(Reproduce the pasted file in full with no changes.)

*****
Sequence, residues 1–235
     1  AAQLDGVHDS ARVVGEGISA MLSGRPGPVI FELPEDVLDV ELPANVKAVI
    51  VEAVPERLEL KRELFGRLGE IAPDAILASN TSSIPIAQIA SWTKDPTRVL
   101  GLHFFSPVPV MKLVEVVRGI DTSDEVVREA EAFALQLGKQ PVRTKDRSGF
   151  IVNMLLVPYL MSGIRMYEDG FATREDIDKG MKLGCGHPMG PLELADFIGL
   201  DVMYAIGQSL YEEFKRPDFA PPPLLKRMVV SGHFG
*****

Sequence, residues 1–235
     1  AAQLDGVHDS ARVVGEGISA MLSGRPGPVI FELPEDVLDV ELPANVKAVI
    51  VEAVPERLEL KRELFGRLGE IAPDAILASN TSSIPIAQIA SWTKDPTRVL
   101  GLHFFSPVPV MKLVEVVRGI DTSDEVVREA EAFALQLGKQ PVRTKDRSGF
   151  IVNMLLVPYL MSGIRMYEDG FATREDIDKG MKLGCGHPMG PLELADFIGL
   201  DVMYAIGQSL YEEFKRPDFA PPPLLKRMVV SGHFG